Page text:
- François-Xavier Branthôme
The trade deficit continues to widen, but at a slower pace
In our previous analysis of Australian supplies in 2017, just as a lively debate about the flow of tomato products from Italy was coming to an end, Australian customs statistics highlighted a reasoned reduction in the deficit of the sector’s trade balance (see our articles in the appendix), reflecting a dynamic recovery in operations (which had been strongly impacted by climatic conditions in 2011) and testifying to a degree of effectiveness of Australian policies regarding imports of foreign tomato products: in 2016, the Australian trade balance was reported to have an estimated deficit of around 310 000 metric tonnes (raw tomato equivalent)
It is clear that the 2019/2020 marketing year confirms this trend, with import flows that are limited or in the process of being contained in terms of quantities, and total annual expenditure that has been practically stable around an average of close on USD 112 million for most of the past ten years. The last few years have been marked by relatively large variations in processing activity, linked to adverse weather episodes, in a general context of slow decline in demand. In fact, net imports of tomato products have recorded, notably in the paste sector, significant annual fluctuations, going from less than 24 000 metric tonnes (mT) of finished products over the period 2014-2016 to more than 40 000 mT over the last two full years (2017/2018 and 2018/2019). The trade balances of the other product categories have evolved less erratically over the past six to eight years, with canned tomatoes hovering around a threshold close on 60 000 mT of finished products, while sauces have remained at around 23 000 mT.
Trade Balance, by category
The trade balances by category in 2019/2020 (with estimations based on the results of the first ten months of the marketing year) are expected to be a continuation of the last two years. At the time of writing this article, the “paste” balance was heading towards a deficit of around 40 000 mT of products, while the “canned tomatoes” and “sauces” trade results practically reproduced the previous performances (59 000 mT and 24 000 mT respectively).
The demand that these supplies are striving to satisfy has grown more slowly over the past decade (CAGR 1.7%) than it had during the previous two decades (CAGR 2.6%). According to data provided by the WPTC and Australian customs services, the increase in demand can be estimated at around 11 000 to 13 000 tonnes per year between 1990/1991 and 2009/2010, while it was between 9 500 and 10 500 mT per year between 2010/2011 and the levels projected for the 2019/2020 marketing year. In terms of per capita demand, these thresholds correspond to a maximum of around 28 kg/year/person (raw tomato equivalent) recorded in 2010/2011 and to an average level in recent years slightly below 25 kg/year/person.
Total Australian expenditure for supplies of tomato products has amounted, on average over the last five full marketing years, to just over USD 114 million. Some exports have contributed to lowering the annual invoice, so that the Australian trade balance for tomato products has recorded a deficit during this period of around USD 100 million. Partial data for 2019/2020 suggests that the deficit will have widened slightly this year, to around USD 104 or 105 million.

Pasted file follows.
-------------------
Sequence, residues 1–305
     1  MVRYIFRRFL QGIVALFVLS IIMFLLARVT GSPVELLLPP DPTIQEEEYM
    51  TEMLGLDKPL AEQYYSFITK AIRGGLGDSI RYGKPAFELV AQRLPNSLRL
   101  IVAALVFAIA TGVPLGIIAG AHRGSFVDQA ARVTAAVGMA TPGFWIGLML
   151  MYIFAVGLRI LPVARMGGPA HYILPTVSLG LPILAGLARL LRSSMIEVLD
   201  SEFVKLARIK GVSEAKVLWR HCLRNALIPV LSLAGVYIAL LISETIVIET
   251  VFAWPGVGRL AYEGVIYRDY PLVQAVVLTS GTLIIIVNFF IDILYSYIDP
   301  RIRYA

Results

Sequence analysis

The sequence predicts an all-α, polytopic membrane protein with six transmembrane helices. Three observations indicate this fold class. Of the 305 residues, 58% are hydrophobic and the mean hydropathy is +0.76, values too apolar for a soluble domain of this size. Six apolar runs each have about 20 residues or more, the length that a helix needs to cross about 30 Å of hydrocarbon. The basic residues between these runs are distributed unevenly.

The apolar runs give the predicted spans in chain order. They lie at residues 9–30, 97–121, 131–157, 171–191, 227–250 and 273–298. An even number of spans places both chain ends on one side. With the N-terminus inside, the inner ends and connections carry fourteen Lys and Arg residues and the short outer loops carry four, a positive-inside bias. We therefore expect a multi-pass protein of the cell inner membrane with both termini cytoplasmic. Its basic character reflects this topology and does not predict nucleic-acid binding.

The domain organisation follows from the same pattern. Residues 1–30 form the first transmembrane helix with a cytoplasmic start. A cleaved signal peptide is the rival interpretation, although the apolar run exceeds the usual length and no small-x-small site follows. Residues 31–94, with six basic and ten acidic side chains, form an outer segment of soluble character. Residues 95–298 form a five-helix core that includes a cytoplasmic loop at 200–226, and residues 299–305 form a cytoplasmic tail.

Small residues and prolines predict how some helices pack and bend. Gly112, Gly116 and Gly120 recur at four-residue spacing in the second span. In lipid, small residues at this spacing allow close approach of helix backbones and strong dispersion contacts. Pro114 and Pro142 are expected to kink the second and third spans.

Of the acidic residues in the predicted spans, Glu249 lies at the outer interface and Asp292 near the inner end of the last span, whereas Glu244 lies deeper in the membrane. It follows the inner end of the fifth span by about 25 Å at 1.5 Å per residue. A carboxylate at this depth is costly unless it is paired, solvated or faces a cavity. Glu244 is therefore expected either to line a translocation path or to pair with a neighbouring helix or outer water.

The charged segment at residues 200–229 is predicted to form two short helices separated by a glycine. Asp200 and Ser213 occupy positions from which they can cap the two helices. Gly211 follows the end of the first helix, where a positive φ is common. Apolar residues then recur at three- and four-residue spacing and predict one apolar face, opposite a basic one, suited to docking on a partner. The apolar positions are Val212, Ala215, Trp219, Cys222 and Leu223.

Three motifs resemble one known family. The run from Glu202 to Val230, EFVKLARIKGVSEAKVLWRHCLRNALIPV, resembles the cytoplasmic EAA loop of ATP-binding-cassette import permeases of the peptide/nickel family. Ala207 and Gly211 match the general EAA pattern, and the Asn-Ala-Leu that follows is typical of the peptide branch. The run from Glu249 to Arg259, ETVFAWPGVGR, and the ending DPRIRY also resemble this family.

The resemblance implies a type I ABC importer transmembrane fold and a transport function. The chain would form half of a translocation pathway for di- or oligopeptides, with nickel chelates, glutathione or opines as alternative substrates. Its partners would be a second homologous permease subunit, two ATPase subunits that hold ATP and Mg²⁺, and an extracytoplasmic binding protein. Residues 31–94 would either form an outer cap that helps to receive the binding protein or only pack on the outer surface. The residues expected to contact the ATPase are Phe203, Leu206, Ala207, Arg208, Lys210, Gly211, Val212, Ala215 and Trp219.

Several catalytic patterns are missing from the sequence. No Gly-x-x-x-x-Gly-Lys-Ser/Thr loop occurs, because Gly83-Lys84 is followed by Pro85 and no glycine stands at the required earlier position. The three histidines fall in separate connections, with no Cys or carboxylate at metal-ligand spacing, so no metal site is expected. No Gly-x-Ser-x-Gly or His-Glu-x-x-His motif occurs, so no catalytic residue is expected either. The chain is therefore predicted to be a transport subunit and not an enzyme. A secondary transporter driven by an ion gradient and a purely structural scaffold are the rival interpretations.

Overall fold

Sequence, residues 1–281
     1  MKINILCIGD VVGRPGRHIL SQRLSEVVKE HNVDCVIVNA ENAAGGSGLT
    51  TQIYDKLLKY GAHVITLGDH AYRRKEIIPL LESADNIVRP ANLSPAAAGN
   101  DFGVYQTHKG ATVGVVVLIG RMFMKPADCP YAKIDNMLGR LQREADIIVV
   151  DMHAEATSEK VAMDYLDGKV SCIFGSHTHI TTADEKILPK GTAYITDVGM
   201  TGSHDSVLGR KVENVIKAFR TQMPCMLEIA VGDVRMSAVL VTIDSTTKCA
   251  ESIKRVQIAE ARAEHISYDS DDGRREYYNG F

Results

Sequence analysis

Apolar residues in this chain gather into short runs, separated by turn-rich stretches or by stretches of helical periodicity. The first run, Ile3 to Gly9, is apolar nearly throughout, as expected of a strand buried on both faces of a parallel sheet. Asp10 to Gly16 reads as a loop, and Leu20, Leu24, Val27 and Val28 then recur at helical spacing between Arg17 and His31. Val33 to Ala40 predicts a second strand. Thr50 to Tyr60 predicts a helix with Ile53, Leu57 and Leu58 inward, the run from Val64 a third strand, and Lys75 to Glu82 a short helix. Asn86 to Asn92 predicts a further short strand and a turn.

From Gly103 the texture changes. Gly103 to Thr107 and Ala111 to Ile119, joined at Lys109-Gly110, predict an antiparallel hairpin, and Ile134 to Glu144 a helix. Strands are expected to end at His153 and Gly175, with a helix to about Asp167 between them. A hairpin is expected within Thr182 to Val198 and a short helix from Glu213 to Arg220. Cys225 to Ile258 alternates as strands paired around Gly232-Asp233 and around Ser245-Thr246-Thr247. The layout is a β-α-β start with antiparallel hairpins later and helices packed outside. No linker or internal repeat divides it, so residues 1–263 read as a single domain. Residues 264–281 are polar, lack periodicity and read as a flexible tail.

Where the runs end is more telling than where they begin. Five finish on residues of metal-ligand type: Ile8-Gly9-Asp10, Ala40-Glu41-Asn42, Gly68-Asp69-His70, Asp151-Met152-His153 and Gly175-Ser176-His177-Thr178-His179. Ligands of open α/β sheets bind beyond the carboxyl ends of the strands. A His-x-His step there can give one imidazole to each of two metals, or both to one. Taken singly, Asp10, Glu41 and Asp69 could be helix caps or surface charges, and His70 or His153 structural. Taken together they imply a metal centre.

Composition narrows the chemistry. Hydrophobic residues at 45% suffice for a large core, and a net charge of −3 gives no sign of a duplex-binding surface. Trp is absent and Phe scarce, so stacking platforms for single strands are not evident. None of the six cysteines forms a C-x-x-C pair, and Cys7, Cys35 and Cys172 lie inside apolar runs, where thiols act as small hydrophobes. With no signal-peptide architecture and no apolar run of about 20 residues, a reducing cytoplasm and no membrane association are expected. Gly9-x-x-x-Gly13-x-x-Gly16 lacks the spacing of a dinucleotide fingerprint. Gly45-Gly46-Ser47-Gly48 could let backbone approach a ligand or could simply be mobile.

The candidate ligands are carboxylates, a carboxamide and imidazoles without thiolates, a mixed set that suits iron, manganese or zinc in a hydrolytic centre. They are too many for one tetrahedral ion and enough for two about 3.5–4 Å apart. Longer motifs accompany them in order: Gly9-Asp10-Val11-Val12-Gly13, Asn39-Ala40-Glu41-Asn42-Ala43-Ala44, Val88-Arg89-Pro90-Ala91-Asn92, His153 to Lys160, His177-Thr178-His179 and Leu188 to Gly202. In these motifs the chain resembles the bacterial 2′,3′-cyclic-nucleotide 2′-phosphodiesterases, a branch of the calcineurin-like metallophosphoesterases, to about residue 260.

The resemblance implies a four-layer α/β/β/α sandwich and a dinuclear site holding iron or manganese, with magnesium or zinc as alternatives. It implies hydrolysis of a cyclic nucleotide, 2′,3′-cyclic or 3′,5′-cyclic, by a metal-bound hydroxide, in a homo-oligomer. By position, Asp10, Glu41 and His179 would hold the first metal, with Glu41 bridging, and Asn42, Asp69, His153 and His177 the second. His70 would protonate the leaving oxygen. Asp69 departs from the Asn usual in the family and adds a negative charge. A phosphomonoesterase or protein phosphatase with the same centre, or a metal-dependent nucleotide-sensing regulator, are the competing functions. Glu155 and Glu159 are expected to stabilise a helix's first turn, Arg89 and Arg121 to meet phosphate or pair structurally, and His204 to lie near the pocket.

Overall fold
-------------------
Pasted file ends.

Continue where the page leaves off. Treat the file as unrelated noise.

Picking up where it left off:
The bulk of Australian spending is allocated to canned tomatoes, which have absorbed almost half (46%) of the total amount spent in recent years. Imports of pastes represented a small third of the expenditure, while those of sauces accounted for about 22% of the total.
On this basis, it is therefore not surprising to see Italy appearing at the forefront of suppliers to the Australian market, for overall quantities delivered and for the expenditure generated by these supplies, but also for each of the categories served. Over the past three years, Italian products have absorbed 70% of Australian expenditure. Thus, in 2018/2019, out of the USD 113 million spent by Australia to cover its requirements from foreign suppliers, more than USD 45 million were paid for purchases of canned tomatoes of Italian origin, 17.3 million for purchases of sauces from the same source and more than 16.5 million for purchases of pastes from Italy (for a total of USD 79 million).
Over the same period from 2016/2017 to 2018/2019, suppliers in China (mainly active in the pastes and sauces categories), the USA (mainly pastes) and New Zealand (mainly sauces) respectively reported annual turnover results of around USD 10 million, 9.8 million and 5.3 million.
A number of other countries supplied products to the Australian market (Turkey, the Netherlands, Portugal, the United Kingdom, Spain, Chile, etc.), sharing an overall total of slightly less than USD 10 million.
Some complementary data
The quantities processed by the Australian industry have gradually decreased over the past two decades, also impacted on several occasions by exceptional adverse weather conditions.
The Australian trade deficit in tomato products continues to widen, but at a slower pace.
Available data shows that the national processing sector currently has the capacity to cover 35 to 40% of the country’s needs, and also indicates a slow growth in demand.
Sources: Trade Data Monitor LLC, WPTC
Further details in attached documents: